Realized niche shift of an invasive widow spider: drivers and impacts of human activities

Zhenhua Luo, Monica A. Mowery, Xinlan Cheng, Qing Yang, Junhua Hu, Maydianne C.B. Andrade

Research output: Contribution to journalArticlepeer-review

5 Scopus citations


Background: Predicting invasiveness requires an understanding of the propensity of a given species to thrive in areas with novel ecological challenges. Evaluation of realized niche shift of an invasive species in its invasive range, detecting the main drivers of the realized niche shift, and predicting the potential distribution of the species can provide important information for the management of populations of invasive species and the conservation of biodiversity. The Australian redback spider, Latrodectus hasselti, is a widow spider that is native to Australia and established in Japan, New Zealand, and Southeast Asia. We used ecological niche models and ordinal comparisons in an integrative method to compare the realized niches of native and invasive populations of this spider species. We also assessed the impact of several climatic predictor variables and human activity on this niche shift. We hypothesized that human impact is important for successful establishment of this anthropophilic species, and that climatic predictor variables may determine suitable habitat and thus predict invasive ranges. Results: Our models showed that L. hasselti distributions are positively influenced by human impact in both of the native and invasive ranges. Maximum temperature was the most important climatic variable in predictions of the distribution of native populations, while precipitation seasonality was the most important in predictions of invasive populations. The realized niche of L. hasselti in its invasive range differed from that in its native range, indicating possible realized niche shift. Conclusions: We infer that a preference for human-disturbed environments may underlie invasion and establishment in this spider species, as anthropogenic habitat modifications could provide shelters from unsuitable climatic conditions and extreme climatic stresses to the spiders. Because Australia and the countries in which the species is invasive have differing climates, differences in the availability of certain climatic conditions could have played a role in the realized niche shift of L. hasselti.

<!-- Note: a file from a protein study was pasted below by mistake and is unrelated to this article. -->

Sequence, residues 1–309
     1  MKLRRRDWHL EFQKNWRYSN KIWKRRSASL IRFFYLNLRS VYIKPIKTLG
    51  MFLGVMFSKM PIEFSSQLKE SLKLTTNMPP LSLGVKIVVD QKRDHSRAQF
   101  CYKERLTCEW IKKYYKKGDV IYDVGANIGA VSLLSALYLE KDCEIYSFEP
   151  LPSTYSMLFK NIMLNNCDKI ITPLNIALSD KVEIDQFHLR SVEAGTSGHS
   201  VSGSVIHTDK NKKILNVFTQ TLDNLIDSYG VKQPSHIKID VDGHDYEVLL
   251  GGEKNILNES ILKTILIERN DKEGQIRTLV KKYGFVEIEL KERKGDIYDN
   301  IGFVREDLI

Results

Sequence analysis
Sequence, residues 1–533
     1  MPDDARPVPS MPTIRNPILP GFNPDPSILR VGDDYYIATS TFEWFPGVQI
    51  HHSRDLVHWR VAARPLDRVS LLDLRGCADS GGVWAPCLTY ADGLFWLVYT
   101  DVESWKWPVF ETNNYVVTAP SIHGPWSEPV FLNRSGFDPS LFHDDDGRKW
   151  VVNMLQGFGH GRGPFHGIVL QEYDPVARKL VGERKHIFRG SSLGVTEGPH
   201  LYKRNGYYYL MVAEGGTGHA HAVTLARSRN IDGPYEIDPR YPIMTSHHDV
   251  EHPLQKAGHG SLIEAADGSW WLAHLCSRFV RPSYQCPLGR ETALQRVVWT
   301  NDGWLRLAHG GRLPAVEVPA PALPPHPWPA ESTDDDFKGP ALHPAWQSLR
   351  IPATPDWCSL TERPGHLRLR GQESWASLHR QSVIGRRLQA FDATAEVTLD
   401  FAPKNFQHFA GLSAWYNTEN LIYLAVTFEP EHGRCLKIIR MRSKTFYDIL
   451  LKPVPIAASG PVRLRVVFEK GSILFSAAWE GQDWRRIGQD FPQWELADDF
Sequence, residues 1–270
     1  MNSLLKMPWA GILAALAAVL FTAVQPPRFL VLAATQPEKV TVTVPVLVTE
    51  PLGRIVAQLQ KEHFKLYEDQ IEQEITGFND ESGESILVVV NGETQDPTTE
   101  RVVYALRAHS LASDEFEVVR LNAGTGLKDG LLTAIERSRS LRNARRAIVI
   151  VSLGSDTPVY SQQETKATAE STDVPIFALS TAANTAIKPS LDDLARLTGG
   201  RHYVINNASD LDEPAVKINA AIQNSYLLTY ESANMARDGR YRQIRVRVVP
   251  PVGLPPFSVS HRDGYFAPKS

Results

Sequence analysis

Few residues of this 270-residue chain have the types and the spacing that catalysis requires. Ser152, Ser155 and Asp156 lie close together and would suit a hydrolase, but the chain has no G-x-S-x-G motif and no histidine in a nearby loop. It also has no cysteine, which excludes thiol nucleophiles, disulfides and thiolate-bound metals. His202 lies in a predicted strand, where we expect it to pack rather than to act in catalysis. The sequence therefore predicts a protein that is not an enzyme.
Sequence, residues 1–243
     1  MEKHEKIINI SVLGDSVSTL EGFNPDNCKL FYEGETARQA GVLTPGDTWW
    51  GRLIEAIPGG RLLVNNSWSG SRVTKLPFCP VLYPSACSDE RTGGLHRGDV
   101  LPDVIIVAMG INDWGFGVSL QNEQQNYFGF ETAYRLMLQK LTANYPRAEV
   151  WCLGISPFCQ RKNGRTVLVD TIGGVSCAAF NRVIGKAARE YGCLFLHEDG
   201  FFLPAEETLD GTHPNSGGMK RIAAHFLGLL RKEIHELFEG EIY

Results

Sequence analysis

Original languageEnglish
Article number25
JournalFrontiers in Zoology
Issue number1
StatePublished - 1 Dec 2022


  • Australian redback spider
  • Ecological niche model
  • Invasive species
  • Latrodectus hasselti
  • Niche change

ASJC Scopus subject areas

  • Ecology, Evolution, Behavior and Systematics
  • Animal Science and Zoology


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